David Tomaszewski is the writer/director of a short film which also serves as a proof-of-concept for a feature film he intends to make. That short film Cobalt is equal parts gorgeous (to look at) and terrifying (right from its protagonists to their actions) and I had to get in touch with the filmmaker to try and learn more about the film, his process, and what he hopes it will lead to.
Here is the film again, and the interview follows the film.
Tell us, what inspired the desire to make this film.
In 2008, I went to the Cannes Film Festival for the first time. After seeing all the craziness everywhere, and attending a lot of parties, day and night, I started to have visions for a film. Cannes, to me, was like a certain vision of the apocalypse, where the only survivors would be beautiful, and rich people, living the life of a perpetual night party. Like Mad Max, but made with bling, glitter, high fashion. Everybody would be famous, and beautiful. And they all would be the villains.
I was also deeply influenced by Bret Easton Ellis literature, especially Glamorama, Less Than Zero, and American Psycho, of course.
And I love gang movies, and always wanted to make one. I think “gang films” is a genre itself.
I felt like Cobalt was an update of A Clockwork Orange, my partner feels like it has shades of American Psycho in it – is that accurate?
To continue what I was saying above, Cobalt is deeply influenced by gang movies. The Warriors (dir: Walter Hill), even if it’s very different, was the main influence, when Jeremie Guez (my co-writer) and I started writing. The idea was to make something colorful, fancy, violent, satirical, and that would look like it was based from a comic book. I always had fantasies about creating things that don’t exist in Paris, France, where I lived for 10 years.
A Clockwork Orange is one of the best films ever made, and one of my favorite. The reference seems obvious, because the youngsters wear fancy clothes, carry fancy weapons, and evolve in a parallel universe that looks like ours, slightly more futuristic. But it’s not a direct reference. And the story is very different. Where A Clockwork Orange was about the manipulation and brainwashing of youngsters by politics and greedy men, Cobalt is really about the dictatorship of beauty.
Your partner is right when she says it has shades of American Psycho since Ellis remains a big influence on my work. And also because you see beautiful people wearing Armani or D&G suits, and doing awful things. But Glamorama, by the same author, is probably more similar.
I would say it’s a mix of Clockwork, Glamorama, The Warriors, American Psycho, The Riot Club, N.E.D.S., Bully and Spring Breakers, all combined, with a French touch. A friend told me, after the very first screening: “it’s A Clockwork Orange meets Zoolander.” I like that a lot!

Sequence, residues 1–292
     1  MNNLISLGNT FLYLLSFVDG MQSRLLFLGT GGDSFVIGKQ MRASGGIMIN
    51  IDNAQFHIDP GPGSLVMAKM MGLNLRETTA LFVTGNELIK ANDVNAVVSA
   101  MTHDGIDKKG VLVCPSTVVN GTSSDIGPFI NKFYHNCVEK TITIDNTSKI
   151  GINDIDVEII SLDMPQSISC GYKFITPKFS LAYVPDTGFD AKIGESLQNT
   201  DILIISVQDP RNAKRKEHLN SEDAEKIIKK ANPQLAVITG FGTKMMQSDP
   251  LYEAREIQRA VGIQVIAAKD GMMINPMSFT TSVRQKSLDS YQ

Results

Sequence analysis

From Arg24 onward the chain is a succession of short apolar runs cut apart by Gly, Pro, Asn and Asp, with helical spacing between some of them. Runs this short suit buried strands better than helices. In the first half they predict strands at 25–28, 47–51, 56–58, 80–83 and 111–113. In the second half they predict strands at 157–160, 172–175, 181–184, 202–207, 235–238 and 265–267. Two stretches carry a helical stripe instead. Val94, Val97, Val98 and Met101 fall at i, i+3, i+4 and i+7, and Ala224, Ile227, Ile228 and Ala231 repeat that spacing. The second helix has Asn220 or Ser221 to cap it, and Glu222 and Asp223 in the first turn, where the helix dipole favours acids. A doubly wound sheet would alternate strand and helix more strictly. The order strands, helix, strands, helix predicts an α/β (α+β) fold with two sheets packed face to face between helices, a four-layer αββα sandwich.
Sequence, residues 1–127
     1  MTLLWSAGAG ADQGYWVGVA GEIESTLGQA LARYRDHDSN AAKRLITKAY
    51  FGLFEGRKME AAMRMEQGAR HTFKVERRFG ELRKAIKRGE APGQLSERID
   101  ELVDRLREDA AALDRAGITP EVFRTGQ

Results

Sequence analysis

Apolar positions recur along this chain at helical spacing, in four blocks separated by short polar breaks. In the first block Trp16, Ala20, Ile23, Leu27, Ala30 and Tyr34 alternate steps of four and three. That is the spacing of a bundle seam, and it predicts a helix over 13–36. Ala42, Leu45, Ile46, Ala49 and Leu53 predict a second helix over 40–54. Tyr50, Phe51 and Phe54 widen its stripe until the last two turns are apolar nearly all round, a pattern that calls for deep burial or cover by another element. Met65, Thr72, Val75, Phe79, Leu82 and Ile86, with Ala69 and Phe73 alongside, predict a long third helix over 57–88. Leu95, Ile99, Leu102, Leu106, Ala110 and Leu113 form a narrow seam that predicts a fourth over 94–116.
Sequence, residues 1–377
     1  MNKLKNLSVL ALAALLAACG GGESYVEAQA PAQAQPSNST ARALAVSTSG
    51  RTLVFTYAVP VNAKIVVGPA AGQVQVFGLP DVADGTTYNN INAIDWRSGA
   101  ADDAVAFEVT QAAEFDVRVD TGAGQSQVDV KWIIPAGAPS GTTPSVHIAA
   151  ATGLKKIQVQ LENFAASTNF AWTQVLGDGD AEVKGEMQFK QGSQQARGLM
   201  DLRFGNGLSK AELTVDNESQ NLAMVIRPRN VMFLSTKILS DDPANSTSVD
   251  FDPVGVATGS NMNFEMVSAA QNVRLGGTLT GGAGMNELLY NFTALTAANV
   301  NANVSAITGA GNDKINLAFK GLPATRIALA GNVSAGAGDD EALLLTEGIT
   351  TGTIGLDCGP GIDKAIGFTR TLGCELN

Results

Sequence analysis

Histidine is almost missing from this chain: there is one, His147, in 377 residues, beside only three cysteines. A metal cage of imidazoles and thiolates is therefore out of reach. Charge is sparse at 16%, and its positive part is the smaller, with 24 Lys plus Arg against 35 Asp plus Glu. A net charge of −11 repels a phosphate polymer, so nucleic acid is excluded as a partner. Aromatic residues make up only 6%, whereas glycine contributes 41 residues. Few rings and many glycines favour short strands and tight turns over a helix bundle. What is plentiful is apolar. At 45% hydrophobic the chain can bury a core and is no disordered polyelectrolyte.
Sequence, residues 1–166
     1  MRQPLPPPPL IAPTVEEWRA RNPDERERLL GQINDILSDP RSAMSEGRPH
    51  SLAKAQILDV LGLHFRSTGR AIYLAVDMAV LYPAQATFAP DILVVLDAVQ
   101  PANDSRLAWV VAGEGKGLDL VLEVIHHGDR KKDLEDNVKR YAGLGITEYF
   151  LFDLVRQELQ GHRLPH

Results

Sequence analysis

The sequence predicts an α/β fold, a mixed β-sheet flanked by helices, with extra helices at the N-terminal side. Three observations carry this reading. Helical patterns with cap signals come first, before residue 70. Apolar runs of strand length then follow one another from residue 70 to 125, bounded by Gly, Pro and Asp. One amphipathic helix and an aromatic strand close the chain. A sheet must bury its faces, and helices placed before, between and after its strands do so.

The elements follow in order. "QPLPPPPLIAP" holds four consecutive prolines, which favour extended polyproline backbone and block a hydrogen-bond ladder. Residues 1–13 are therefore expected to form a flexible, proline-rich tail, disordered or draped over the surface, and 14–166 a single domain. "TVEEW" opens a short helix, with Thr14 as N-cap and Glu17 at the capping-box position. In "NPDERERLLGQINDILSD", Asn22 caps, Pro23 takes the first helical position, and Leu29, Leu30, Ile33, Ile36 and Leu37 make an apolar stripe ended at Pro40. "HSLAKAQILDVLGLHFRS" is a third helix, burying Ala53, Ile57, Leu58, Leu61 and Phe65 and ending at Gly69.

How long did it take for you to refine the idea of Cobalt?
Three years. First ideas came in 2008, but it’s when I met French novelist-screenwriter Jérémie Guez in 2011, that I started working on the project seriously. And it took us three years and a dozen drafts and treatments, to achieve a solid 100 pages script.
Let’s start at the beginning: How did you become a screenwriter and filmmaker (also, which came first, the writing or the desire to direct people inside a well defined frame)?
I started directing videos, short films and experimental films when I was 15 years old. I come from a family of painters and musicians. My mother is a painter and illustrator, and my father is a pianist and composer. So I first had a visual approach to directing. It is just the continuity of what I learned at home since I was a kid.
The desire to write came second. You can’t just shoot a beautiful picture. You need a story, and you need a strong one. And I believe the beauty (or ugliness) of your picture is determined by the script, the concept, and the characters.
Did you go to film school?
At the time I graduated from high school, film schools in Paris were super expensive, and I was mainly told they didn’t have a good reputation anyway. Luc Besson’s free school wasn’t created yet, and the only option for me was to go to free college, we call “faculté”, here in France. So I went to study cinema there, at La Sorbonne. Not only I was disappointed there was only 5 hours of cinema classes, on a 18 hours week, but it was also the poorest college in Paris in terms of equipment (camera, lenses, etc…).